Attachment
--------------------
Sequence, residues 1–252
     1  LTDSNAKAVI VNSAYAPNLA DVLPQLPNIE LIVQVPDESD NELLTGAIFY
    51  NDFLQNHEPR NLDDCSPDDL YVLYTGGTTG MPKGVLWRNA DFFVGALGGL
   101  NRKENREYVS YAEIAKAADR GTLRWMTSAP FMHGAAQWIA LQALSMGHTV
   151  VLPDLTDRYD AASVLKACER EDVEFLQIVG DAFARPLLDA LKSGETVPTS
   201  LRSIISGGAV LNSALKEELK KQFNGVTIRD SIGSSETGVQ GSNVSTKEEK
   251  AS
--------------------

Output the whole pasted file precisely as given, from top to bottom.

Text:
Sequence, residues 1–252
     1  LTDSNAKAVI VNSAYAPNLA DVLPQLPNIE LIVQVPDESD NELLTGAIFY
    51  NDFLQNHEPR NLDDCSPDDL YVLYTGGTTG MPKGVLWRNA DFFVGALGGL
   101  NRKENREYVS YAEIAKAADR GTLRWMTSAP FMHGAAQWIA LQALSMGHTV
   151  VLPDLTDRYD AASVLKACER EDVEFLQIVG DAFARPLLDA LKSGETVPTS
   201  LRSIISGGAV LNSALKEELK KQFNGVTIRD SIGSSETGVQ GSNVSTKEEK
   251  AS